Kate Glicksberg

MusicWe See You

antisocial behavior order: techno pupils

June 24, 2019

Friday

“Don’t get kidnapped,” my mom warns me, when I tell her on the phone that I’m heading to Detroit for a dance-music festival. I’d never been to Detroit before, but I have family there on my mom’s side: her brother Peter’s ex-wife and their three adult children.

“As a matter of fact, just don’t tell your cousins you’re coming into town.  They might snatch you and ask for a million. But they’d accept ten grand.”

“At least I’m not expensive,” I reply, dryly.  

We hit the road!  

Anti Social Behavior: Techno Pupils

I pick Sadé up around 7a from her apartment in Bed-Stuy, a little later than we’d hoped but still early enough to get the jump on rush hour and holiday traffic.  It turns out that to get to Detroit you just take 80 West across the entire state of Pennsylvania – a lot of rolling hills and farm country. For some reason I hardly look out of the window.

We stop off for lunch at a spot called Plylers and take advantage of the $9.00 all-you-can-eat buffet – the kind of place that I sometimes go and hope it will be cinematic and ironic, but which often winds up visually depressing.  This was no exception.

By the time we arrive in Detroit, it’s 7p and we are both hungry again and exhausted.  I’m verbally repeating all the commands that Siri is giving Sadé and she rightfully moans “I knooooww” after every exchange. Our AirBnB is on a street that is completely torn up, with tractors and bulldozers haphazardly “parked” up and down the unpaved road.  It’s as if everyone went on break one day, and just never came back.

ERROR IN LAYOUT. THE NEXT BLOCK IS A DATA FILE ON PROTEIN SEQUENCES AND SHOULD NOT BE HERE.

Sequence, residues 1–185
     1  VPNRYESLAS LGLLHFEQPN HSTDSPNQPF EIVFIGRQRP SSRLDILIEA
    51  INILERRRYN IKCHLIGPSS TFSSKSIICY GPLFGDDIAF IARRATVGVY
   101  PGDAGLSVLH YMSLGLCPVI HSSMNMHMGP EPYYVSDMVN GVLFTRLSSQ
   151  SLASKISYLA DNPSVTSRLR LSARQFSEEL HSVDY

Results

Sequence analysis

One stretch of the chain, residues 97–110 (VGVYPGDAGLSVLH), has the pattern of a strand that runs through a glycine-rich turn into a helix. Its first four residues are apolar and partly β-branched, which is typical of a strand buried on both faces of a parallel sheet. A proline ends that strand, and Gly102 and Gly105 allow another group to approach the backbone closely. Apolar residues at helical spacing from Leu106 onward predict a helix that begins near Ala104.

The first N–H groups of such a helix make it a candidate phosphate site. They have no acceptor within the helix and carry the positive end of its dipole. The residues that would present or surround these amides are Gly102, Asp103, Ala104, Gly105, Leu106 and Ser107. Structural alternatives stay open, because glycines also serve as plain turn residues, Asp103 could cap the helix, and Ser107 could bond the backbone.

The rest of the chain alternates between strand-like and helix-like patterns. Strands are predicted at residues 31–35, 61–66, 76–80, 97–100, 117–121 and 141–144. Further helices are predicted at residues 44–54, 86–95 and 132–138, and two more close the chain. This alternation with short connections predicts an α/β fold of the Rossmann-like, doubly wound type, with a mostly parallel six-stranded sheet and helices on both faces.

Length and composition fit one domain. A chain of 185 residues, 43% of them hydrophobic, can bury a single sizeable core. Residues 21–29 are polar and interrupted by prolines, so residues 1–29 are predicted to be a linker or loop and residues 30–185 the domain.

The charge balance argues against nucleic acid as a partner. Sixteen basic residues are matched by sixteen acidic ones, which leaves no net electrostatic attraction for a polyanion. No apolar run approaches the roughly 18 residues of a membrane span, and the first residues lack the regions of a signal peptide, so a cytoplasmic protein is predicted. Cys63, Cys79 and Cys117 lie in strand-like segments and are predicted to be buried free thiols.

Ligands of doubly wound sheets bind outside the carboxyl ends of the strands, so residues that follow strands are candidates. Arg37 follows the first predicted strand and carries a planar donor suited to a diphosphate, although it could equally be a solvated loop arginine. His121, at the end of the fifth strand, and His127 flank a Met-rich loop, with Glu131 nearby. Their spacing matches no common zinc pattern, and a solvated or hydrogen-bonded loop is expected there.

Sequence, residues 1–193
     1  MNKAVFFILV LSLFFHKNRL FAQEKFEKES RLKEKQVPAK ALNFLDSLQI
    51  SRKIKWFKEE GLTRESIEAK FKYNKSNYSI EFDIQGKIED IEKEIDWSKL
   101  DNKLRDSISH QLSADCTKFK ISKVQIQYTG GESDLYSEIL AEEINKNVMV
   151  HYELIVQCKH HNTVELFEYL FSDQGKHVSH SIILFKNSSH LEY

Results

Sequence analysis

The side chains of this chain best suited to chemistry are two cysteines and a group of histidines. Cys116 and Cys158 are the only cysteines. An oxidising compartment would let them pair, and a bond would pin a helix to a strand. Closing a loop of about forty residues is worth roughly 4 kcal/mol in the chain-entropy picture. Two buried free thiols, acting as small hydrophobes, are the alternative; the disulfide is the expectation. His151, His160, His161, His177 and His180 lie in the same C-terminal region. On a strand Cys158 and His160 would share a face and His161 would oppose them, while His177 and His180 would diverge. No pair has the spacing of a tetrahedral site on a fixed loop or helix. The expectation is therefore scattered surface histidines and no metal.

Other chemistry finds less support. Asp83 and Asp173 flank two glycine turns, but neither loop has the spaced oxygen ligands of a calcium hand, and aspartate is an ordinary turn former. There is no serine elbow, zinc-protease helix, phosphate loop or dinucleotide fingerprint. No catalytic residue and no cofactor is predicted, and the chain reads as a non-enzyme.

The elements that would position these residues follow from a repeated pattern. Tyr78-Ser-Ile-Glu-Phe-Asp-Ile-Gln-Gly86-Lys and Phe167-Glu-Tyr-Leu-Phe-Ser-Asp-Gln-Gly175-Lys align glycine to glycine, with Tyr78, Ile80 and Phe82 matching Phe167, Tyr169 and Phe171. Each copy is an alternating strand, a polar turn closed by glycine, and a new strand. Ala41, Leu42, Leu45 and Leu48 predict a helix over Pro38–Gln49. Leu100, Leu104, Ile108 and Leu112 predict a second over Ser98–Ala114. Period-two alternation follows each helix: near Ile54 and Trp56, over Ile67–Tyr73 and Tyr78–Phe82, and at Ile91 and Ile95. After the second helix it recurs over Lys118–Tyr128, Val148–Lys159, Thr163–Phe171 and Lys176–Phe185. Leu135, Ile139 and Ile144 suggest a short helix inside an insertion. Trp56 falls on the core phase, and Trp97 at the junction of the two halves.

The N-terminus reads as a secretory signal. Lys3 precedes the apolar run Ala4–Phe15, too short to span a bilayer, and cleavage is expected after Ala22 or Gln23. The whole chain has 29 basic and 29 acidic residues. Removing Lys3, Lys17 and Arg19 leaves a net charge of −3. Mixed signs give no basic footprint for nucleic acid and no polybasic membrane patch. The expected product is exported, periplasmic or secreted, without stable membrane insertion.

We nap. We eat Shawarma. We hit the streets.

Armed with “the list” of the evening’s potential events, we cab it to the Sound Signature party at Artist Village – Theo Parrish’s annual Friday night kick-off for Detroit’s Movement Festival weekend. The venue is a labyrinth of cinder-block rooms hidden behind a storefront Dry Cleaner, and make up something like an artist’s commune: affordable housing on the upper floors, and an indoor/outdoor warehouse feel on the ground.

The ‘No phones / No cameras’ rule is hand scrawled on sheets of paper posted at the entrance and around the dance floors.  Everyone respects it. The music is amazing. From the moment Sadé and I walk in, we’re mesmerized by the diversity of the crowd — the middle-aged, young adults and teenagers, the Black, white, and everything in between. Everyone’s energy is dedicated entirely to the room, absorbing the frequency of Theo’s carefree open-format set – transitioning abruptly between Soulful House, Disco and Techno – and reflecting the frequency right back out again.  The small friend groups of OG techno and house heads make me smile – black men in their fifties and sixties with so much swag, a quiet confidence, casually dressed, with close-cropped hair cuts and salt-and-pepper beards, whispering to one another in hushed tones.  They frequently glance around the room with a look of humble satisfaction, presumably proud of the endurance of the scene that they created.

We wander into the outdoors room, the dance-floor is going crazy and the dark sky is overhead.  I drug my drink and take a seat on a reclining office chair on wheels that somehow found its way inside.  From time to time I swear I see lightning flash overhead, but Sadé has gone to the bathroom so I can’t ask her, and am not certain whether it’s that or some other flash, or the MDMA playing tricks on my eyesight.

A young woman with curly hair and a friendly, pale cherubic face slides up next to me.

“Hi!” She says.  “What is that?!” 

She’s tilting her head towards my Capri.

“Would you like one?”

“Sure!” She exclaims.

I fumble through my purse, handing it over, and light it for her.

We both smile.

“Im Rebecca,” she says.

“Blake” I respond, and extend my hand to hers, already outstretched.

“Lee?!” She yells.

“Blake!” I scream.

“Bleek?!”

“Blake .. like lake with a B in the front,” I try.

She gets it.

“Geez .. I’m sorry that took me so long!” 

We both laugh.

“Where are you from?” She asks me.

“New York, do you live here?”

“Yeh I do now.  I lived in New York for six years, but moved here a while back.”

“I love your city,” I say, truthfully.

“It’s great!” she replies. “I hate to even say this because it sounds so cliché, but Detroit is like .. what New York used to be.”